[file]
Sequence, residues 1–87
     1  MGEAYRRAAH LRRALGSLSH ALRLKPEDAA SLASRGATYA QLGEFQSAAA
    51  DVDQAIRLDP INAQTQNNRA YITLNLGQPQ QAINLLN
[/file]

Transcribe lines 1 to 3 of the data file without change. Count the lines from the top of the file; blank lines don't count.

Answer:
Sequence, residues 1–87
     1  MGEAYRRAAH LRRALGSLSH ALRLKPEDAA SLASRGATYA QLGEFQSAAA
    51  DVDQAIRLDP INAQTQNNRA YITLNLGQPQ QAINLLN